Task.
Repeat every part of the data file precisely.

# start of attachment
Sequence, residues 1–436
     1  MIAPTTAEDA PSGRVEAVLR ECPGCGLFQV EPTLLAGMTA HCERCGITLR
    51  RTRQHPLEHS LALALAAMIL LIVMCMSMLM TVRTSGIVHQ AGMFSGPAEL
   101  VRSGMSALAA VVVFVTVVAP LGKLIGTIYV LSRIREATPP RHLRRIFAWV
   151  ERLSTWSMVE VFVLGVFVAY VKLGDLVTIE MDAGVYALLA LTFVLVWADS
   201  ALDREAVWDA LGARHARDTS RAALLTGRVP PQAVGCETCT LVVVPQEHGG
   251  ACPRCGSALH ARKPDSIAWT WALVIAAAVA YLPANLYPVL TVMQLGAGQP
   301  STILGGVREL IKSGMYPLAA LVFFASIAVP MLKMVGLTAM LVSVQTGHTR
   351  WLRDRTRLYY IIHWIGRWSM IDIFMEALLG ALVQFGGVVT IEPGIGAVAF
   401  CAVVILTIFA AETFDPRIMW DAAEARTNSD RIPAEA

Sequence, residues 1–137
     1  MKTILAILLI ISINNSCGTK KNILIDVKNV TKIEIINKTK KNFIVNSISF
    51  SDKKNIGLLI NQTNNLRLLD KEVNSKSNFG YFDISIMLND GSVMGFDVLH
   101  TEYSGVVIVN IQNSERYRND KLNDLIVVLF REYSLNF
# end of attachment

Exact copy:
Sequence, residues 1–436
     1  MIAPTTAEDA PSGRVEAVLR ECPGCGLFQV EPTLLAGMTA HCERCGITLR
    51  RTRQHPLEHS LALALAAMIL LIVMCMSMLM TVRTSGIVHQ AGMFSGPAEL
   101  VRSGMSALAA VVVFVTVVAP LGKLIGTIYV LSRIREATPP RHLRRIFAWV
   151  ERLSTWSMVE VFVLGVFVAY VKLGDLVTIE MDAGVYALLA LTFVLVWADS
   201  ALDREAVWDA LGARHARDTS RAALLTGRVP PQAVGCETCT LVVVPQEHGG
   251  ACPRCGSALH ARKPDSIAWT WALVIAAAVA YLPANLYPVL TVMQLGAGQP
   301  STILGGVREL IKSGMYPLAA LVFFASIAVP MLKMVGLTAM LVSVQTGHTR
   351  WLRDRTRLYY IIHWIGRWSM IDIFMEALLG ALVQFGGVVT IEPGIGAVAF
   401  CAVVILTIFA AETFDPRIMW DAAEARTNSD RIPAEA

Sequence, residues 1–137
     1  MKTILAILLI ISINNSCGTK KNILIDVKNV TKIEIINKTK KNFIVNSISF
    51  SDKKNIGLLI NQTNNLRLLD KEVNSKSNFG YFDISIMLND GSVMGFDVLH
   101  TEYSGVVIVN IQNSERYRND KLNDLIVVLF REYSLNF